How did Jacinda Ardern Win the New Zealand Elections?

Having won the general elections in New Zealand for the second time, Jacinda Ardern earned the trust of her people with her tenacity in the fight against the coronavirus and her clear stance and unwavering determination in the face of the Christchurch massacre, and came into power for another three years. Having taken over the leadership of the struggling NZ Labour Party less than two months before the general election, Ardern came out victorious and became prime minister at age 37. This time around, a more difficult second period awaits her – mired with economic downturn and the ongoing coronavirus crisis.
Before embarking on a career in politics, Jacinda Ardern, the daughter of a humble family, worked as a researcher in the office of former New Zealand Prime Minister Helen Clark, then as senior policy advisor in Tony Blair’s government in England, as well as actively engaging in volunteerism through non-governmental organizations working for the youth, children, and refugees.
During her previous election campaign, Ardern had shut down a question posed by an Australian journalist who asked her how it was to be pregnant while running an election campaign, saying it was highly sexist of him to ask such a question at her workplace, and it was with this stance that she created a fan base not only in her home country but also across the world. Ardern, an indomitable defender of women’s, children’s and refugees’ rights, has created a serious alternative to self-focused world leaders with her self-confident, transparent, inclusive and sharing demeanour. This has given her an attitude that raises not only her but also those around her and the masses, creating a sense of “we”, not “me”.

Photo: Hagen Hopkins

In March 2019, when a white supremacist committed twin mosque massacres in the city of Christchurch, which resulted in the deaths of 51 people and injured 49 others, Ardern was appreciated for her sensitive yet determined stance; on the one hand, she was strongly condemning what had happened, sincerely embracing the Muslim community who was deeply hurt by this attack and conveying messages of unity to New Zealanders, while on the other hand, she was working on immediately passing legislation to ban automatic weapons. But beyond this, we saw the portrait of a leader who sees and understands the social, environmental, economic and cultural problems of the society she lives in, a leader who can mobilize society by understanding the concerns about these problems and create a common vision, and one that is successful in managing emotions.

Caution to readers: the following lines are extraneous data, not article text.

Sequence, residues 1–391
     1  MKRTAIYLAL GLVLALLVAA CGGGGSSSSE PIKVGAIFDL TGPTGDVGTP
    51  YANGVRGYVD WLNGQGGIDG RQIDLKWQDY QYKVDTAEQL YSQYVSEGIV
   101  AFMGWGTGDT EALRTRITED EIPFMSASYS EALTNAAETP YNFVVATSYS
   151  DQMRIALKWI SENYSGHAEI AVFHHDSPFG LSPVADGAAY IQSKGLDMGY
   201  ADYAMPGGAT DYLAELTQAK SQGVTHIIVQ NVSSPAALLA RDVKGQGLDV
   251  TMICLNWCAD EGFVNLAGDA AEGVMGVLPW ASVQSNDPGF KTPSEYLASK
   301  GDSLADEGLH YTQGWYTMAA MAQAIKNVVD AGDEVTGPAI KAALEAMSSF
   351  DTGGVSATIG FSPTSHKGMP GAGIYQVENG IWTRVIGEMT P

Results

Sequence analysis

In today’s world, Jacinda Ardern has created a leadership style that rejoices in differences by creating a union between increasingly complex dispositions and differences and establishing connections between them in a rapidly changing pattern of events. It proves that managing differences is one of the most important strategies for a leader and makes policies sustainable. She is showing that it is possible to make use of differences while solving problems, rather than avoiding conflicts arising from differences.
Ardern, who came into power in the previous general election with a long list of promises, has been criticized by the opposition for failing to fulfil every promise in that very manifesto. However, she has created a success story with a rather aggressive policy to eradicate coronavirus from New Zealand by ordering the whole country into total quarantine and closing all borders. In a country with a population of over 5 million, only 1,500 COVID-19 cases have been recorded and 25 deaths. But now, perhaps the most difficult part of her entire political life awaits Ardern: Managing the health and economic crisis waiting to be resolved after the pandemic is over will be the most challenging part of this task. Tourism and education revenues, which are important for the economy of New Zealand, came to a standstill during the pandemic, the economy shrank by 12% and unemployment rose to new highs.
The post-coronavirus new world order seems to be the harbinger of a new world leadership as well. The rules of a new generation of sustainable leadership are also being written and tested in practice. And women leaders are leading the way. As we witness our evolution towards a new world order, it seems that the definition of leadership will vastly have changed from our traditional understanding of it by the end of this pandemic.


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